Live 2009 -(2009)  Blur – Ten songs from Hyde Park, given away free with a Brit tabloid – A

Plastic Beach (2010) – Gorillaz – around about now I am thoroughly sick of Damon Albarn, and even Lou Reed and Bobby Womack couldn’t save their concert at MSG (here) which also included Paul Simonon and Mick Jones -yes, the Clash guys, playing back up. But I have been known to make mistakes and listening to Plastic Beach ten years later, I may have underestimated the performance, and definitely underestimated the album. It is the Gorillaz perfected, a test run for the sort of sound hip hop would play with (albeit more electronically and of a piece) and that Kanye West perfected on The Life Of Pablo six years later. I see what I hated, “Glitter Freeze” gets Mark E. Smith but cuts him short, none of his prole argumentative stuff, on a techno dribble. What I can’t see is what I disliked on “Stylo,” with Bobby Womack and Mos Def and “Welcome To The Plastic Beach” with an ace Snoop Dogg. It is less good than the world seems to believe but much better than I thought it was – B+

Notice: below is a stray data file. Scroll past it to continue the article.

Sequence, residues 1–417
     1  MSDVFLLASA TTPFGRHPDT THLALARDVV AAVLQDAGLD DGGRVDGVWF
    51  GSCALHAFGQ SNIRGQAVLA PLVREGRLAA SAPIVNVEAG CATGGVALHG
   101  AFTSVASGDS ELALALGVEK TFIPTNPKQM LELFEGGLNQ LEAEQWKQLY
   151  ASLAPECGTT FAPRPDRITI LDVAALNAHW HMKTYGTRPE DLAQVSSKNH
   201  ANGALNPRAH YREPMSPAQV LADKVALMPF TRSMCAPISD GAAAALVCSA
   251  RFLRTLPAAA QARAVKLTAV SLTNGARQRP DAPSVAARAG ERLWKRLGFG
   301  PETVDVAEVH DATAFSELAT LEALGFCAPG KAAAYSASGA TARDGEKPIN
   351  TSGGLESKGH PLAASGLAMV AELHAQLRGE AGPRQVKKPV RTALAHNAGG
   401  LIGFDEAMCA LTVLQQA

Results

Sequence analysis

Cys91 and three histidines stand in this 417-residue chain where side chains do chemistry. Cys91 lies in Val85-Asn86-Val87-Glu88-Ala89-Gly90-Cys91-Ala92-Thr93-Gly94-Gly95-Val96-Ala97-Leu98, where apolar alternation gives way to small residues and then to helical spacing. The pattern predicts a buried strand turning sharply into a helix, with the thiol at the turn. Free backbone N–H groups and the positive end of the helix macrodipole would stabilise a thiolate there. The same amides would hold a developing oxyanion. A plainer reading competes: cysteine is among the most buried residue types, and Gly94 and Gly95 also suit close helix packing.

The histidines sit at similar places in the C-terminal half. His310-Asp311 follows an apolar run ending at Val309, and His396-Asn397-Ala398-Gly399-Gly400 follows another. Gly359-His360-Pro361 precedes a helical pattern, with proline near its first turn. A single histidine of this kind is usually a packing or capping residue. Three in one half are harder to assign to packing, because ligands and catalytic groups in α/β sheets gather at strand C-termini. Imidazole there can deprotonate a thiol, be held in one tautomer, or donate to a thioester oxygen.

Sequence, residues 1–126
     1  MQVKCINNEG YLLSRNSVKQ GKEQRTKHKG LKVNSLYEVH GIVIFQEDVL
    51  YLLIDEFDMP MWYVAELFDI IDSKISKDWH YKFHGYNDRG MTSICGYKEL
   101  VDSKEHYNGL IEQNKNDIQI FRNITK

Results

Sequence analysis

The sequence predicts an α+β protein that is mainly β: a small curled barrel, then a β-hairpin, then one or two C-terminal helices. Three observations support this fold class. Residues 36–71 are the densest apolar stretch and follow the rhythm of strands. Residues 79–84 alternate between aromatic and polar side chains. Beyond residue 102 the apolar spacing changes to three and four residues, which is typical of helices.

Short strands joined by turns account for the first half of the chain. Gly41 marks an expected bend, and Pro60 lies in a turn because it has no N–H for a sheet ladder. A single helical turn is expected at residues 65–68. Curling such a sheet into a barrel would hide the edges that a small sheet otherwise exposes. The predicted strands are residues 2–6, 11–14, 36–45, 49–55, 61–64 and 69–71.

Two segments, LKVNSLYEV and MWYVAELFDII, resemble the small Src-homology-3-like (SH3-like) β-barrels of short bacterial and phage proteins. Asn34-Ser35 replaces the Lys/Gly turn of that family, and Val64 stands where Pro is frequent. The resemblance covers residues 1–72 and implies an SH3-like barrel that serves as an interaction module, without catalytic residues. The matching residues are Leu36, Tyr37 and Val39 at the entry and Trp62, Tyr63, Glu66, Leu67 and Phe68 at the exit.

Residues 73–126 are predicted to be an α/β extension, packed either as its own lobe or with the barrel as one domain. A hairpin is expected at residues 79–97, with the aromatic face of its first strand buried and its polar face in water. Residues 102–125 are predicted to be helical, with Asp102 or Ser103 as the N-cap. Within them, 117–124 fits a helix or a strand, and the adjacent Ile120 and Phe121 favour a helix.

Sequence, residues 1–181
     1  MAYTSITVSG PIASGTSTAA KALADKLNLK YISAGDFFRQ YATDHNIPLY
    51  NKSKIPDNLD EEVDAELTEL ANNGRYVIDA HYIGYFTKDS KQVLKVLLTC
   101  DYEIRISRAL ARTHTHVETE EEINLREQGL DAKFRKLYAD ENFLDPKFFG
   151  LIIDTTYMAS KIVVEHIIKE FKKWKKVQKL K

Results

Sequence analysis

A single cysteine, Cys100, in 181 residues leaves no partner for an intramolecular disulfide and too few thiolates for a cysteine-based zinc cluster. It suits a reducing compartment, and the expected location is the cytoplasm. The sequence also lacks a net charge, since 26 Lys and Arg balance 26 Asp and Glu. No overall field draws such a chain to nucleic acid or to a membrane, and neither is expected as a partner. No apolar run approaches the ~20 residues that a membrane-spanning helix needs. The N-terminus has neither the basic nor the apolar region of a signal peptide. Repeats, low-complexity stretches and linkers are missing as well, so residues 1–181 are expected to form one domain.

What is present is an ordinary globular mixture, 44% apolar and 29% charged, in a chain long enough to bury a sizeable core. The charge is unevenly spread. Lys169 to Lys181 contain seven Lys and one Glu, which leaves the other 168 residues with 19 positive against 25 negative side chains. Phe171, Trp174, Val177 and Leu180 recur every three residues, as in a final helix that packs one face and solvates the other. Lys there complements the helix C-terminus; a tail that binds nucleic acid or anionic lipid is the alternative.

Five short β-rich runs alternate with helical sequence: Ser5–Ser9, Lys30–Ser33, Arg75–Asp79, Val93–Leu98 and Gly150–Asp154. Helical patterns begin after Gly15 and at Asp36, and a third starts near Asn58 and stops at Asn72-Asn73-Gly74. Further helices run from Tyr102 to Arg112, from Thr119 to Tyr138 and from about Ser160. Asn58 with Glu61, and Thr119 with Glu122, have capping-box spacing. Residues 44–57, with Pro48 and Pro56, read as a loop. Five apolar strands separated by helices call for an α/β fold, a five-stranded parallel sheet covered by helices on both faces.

The Fall (2010) – Gorillaz – This is a terrible bleepy bloopy worn out drag, you want to punch Damon in the nose – C-

Dr Dee: An English Opera (2012) – Damon Albarn – Arty renaissance man, back to opera, but here he doesn’t have Asian sounds to trifle with and this is a Goth like opera of Victorian world music. According to (them again)  Wikipedia, the opera was scored for a band combining Elizabethan English instruments (viola da gamba, shawm, dulcian, crumhorn, recorder, lute) with the African kora and the distinctive drumming of Nigerian percussionist Tony Allen. Damon Albarn played acoustic guitar and harmonium and sang on a number of songs. A twenty-piece conventional orchestra was provided by the BBC Philharmonic and conducted by André de Ridd. An odd, not particularly pleasant quasi English folk music with additional layers, and my bet is it would be better if you were watching it in a theatre. Slow and deadly because, let’s be clear here folk(ie)s, slow and deadly is Damon’s default – C+